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Peak: Secrets from the New Science of…
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Peak: Secrets from the New Science of Expertise (2016 original; edició 2017)

de Anders Ericsson (Autor), Robert Pool (Autor)

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499636,315 (4.07)No n'hi ha cap
Mozart wasn't born with perfect pitch. Most athletes are not born with any natural advantage. Three world-class chess players were sisters, whose success was planned by their parents before they were even born. Anders Ericsson has spent thirty years studying The Special Ones, the geniuses, sports stars and musical prodigies. And his remarkable finding, revealed in Peak, is that their special abilities are acquired through training. The innate 'gift' of talent is a myth. Exceptional individuals are born with just one unique ability, shared by us all - the ability to develop our brains and bodies through our own efforts. Anders Ericsson's research was the inspiration for the popular '10,000-hour rule' but, he tells us, this rule is only the beginning of the story. It's not just the hours that are important but how you use them. We all have the seeds of excellence within us - it's merely a question of how to make them grow. With a bit of guidance, you'll be amazed at what the average person can achieve. The astonishing stories in Peak prove that potential is what you make it.… (més)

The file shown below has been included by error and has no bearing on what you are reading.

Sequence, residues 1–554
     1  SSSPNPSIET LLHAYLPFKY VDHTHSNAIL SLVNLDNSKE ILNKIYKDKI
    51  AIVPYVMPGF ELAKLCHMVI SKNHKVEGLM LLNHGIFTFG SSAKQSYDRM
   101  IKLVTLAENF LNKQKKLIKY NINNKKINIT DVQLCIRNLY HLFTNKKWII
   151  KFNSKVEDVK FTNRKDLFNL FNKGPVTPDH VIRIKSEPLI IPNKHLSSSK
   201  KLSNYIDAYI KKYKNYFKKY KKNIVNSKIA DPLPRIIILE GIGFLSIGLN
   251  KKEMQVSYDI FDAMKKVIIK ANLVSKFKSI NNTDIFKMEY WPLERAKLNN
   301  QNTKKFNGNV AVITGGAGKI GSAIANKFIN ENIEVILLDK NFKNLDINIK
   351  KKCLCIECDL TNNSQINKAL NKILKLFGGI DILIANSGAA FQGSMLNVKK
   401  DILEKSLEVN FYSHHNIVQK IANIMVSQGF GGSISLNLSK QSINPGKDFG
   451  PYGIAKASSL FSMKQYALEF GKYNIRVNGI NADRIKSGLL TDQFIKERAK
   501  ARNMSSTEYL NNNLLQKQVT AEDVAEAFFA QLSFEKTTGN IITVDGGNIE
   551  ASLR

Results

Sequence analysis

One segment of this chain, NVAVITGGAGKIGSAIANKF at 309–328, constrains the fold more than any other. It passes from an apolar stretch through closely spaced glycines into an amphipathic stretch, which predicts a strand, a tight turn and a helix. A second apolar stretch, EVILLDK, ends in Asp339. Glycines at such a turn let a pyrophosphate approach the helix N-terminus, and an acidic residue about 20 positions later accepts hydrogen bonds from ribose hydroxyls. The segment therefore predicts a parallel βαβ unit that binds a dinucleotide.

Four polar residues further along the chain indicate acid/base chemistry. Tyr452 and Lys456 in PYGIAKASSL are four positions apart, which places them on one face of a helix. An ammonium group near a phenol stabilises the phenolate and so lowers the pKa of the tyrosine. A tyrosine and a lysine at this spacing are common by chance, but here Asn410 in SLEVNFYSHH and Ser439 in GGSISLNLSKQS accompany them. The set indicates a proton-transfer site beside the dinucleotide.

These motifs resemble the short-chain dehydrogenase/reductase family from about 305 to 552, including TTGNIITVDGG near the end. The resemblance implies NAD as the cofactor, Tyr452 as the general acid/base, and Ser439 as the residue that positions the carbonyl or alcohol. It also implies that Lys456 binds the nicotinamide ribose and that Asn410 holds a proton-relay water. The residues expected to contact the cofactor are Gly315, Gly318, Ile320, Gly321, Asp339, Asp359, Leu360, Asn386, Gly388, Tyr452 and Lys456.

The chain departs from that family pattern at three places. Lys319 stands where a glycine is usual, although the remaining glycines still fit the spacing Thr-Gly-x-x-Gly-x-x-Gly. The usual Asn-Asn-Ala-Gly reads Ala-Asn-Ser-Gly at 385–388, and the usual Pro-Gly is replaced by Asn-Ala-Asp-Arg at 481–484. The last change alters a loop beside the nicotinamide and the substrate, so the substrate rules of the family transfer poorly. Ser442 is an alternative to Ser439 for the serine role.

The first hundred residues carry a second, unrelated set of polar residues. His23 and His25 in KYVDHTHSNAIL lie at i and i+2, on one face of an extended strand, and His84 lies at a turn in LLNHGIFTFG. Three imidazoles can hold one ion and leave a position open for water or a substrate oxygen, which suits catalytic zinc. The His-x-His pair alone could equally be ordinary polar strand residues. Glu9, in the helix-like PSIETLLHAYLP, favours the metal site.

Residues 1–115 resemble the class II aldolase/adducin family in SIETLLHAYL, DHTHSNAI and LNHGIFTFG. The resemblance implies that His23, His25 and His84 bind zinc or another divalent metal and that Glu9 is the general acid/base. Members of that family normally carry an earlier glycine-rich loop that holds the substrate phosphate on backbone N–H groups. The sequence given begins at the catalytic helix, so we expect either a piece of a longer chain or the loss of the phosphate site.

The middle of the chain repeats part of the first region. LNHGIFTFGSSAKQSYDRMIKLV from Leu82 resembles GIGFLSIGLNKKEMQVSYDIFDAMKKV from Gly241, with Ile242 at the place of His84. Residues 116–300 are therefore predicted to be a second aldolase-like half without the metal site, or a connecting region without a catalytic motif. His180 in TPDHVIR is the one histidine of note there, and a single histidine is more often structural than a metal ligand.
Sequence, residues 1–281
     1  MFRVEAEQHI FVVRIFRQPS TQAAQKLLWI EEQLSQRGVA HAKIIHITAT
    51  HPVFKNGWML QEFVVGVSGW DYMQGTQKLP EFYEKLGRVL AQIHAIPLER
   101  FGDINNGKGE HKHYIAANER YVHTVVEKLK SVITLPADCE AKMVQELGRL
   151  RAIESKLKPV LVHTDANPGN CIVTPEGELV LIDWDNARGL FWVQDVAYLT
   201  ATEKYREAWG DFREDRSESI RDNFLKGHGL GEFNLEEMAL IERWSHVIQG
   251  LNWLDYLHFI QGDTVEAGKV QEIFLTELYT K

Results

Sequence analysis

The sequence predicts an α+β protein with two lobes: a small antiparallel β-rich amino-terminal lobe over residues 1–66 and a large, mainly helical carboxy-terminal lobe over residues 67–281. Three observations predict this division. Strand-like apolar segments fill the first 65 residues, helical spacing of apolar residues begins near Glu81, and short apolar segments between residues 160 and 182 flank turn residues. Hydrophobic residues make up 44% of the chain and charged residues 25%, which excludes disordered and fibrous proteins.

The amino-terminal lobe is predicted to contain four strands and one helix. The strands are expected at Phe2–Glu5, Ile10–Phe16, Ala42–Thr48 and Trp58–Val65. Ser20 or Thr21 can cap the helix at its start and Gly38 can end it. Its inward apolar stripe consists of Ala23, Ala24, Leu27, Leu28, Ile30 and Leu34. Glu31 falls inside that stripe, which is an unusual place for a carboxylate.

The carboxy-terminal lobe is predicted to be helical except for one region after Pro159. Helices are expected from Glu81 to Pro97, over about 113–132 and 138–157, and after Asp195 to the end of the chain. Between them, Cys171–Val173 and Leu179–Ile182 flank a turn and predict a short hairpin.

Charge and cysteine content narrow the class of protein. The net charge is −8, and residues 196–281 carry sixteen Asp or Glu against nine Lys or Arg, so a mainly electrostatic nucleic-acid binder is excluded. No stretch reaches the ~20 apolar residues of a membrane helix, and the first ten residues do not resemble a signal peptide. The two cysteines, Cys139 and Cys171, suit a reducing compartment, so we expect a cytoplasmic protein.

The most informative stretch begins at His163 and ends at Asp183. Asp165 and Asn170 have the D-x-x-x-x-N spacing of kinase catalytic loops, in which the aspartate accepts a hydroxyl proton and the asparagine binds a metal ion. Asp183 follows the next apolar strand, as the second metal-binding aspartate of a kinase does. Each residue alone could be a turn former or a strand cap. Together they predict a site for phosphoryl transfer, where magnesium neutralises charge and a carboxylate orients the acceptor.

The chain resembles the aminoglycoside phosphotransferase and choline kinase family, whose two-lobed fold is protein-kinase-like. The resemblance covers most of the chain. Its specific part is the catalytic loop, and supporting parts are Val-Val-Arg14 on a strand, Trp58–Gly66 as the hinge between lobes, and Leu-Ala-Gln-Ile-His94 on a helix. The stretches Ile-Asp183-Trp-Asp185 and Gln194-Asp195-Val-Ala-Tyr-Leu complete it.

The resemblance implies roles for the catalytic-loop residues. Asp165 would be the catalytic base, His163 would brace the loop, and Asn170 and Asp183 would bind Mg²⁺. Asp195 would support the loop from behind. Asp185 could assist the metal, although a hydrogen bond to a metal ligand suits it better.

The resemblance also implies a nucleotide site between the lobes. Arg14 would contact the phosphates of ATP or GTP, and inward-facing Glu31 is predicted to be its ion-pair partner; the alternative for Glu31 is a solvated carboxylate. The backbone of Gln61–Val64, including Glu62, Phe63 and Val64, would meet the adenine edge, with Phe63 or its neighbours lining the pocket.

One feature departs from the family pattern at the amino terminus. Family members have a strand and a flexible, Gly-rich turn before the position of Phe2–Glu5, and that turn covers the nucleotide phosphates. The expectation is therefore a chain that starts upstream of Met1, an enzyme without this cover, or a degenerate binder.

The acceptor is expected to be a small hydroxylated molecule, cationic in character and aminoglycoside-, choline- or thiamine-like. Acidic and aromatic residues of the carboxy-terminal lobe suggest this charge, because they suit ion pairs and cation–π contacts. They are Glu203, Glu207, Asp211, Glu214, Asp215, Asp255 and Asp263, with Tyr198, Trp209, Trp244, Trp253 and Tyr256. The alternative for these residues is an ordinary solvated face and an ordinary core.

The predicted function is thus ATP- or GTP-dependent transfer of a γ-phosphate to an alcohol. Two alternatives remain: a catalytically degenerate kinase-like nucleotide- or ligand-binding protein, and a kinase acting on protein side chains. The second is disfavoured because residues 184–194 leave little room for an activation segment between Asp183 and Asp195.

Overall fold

Membre:krguidry
Títol:Peak: Secrets from the New Science of Expertise
Autors:Anders Ericsson (Autor)
Altres autors:Robert Pool (Autor)
Informació:Eamon Dolan/Mariner Books (2017), Edition: Reprint, 336 pages
Col·leccions:La teva biblioteca
Valoració:
Etiquetes:No n'hi ha cap

Detalls de l'obra

Peak: Secrets from the New Science of Expertise de Anders Ericsson (2016)

  1. 00
    The Sports Gene: Inside the Science of Extraordinary Athletic Performance de David Epstein (caimanjosh)